‘Am I a Bear or a Hedgehog?’ Language and Silence in the Works of C.S. Lewis

Wendy Beresford-Maning

Abstract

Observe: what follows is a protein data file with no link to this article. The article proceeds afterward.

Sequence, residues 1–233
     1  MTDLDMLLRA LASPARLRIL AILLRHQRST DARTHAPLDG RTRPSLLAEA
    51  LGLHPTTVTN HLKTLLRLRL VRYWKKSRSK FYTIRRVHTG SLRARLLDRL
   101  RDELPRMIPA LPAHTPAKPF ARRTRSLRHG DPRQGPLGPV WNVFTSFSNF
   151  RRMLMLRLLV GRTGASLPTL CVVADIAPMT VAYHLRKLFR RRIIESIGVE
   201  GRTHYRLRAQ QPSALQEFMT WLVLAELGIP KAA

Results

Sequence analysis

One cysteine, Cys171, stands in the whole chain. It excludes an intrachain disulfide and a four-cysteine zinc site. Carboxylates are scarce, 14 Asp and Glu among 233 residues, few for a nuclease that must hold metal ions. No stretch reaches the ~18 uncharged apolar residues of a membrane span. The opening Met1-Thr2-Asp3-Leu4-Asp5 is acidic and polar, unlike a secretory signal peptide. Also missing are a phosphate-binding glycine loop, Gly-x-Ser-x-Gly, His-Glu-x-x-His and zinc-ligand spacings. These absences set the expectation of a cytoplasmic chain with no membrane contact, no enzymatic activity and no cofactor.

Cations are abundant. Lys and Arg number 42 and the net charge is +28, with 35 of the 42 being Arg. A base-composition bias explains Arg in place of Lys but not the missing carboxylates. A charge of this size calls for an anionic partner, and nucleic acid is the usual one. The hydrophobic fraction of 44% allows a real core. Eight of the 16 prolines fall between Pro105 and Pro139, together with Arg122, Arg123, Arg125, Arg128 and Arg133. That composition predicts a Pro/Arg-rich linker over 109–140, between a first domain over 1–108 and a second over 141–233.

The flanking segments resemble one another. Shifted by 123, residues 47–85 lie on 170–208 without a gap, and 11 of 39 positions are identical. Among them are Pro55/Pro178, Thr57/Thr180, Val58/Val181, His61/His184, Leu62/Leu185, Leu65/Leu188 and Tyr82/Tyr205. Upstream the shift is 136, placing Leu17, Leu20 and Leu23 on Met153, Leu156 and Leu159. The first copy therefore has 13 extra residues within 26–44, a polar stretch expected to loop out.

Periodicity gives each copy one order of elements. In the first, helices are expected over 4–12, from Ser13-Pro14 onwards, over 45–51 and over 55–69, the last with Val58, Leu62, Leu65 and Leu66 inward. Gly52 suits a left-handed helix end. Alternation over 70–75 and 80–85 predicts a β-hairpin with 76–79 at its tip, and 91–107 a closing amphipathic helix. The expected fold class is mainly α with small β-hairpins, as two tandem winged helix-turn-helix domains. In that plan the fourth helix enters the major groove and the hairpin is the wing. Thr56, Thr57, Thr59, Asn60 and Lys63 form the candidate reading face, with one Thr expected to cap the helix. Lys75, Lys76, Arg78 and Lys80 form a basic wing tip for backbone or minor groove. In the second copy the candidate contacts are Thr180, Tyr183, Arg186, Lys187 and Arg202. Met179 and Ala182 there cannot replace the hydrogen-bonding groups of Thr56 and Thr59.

Whereas Wittgenstein claims that language can only say that which can be said and, since language constructs only a world of simple objects, GOD is, as the OTHER, probably the ultimate challenge to language - the OTHER of whom one can neither speak nor write. One of the tasks of literature, however, is to write the unwriteable and to say the unsayable. Language can only impinge on the realm of silence by means of metaphor and myth. For C.S.Lewis myth is metaphor writ large.

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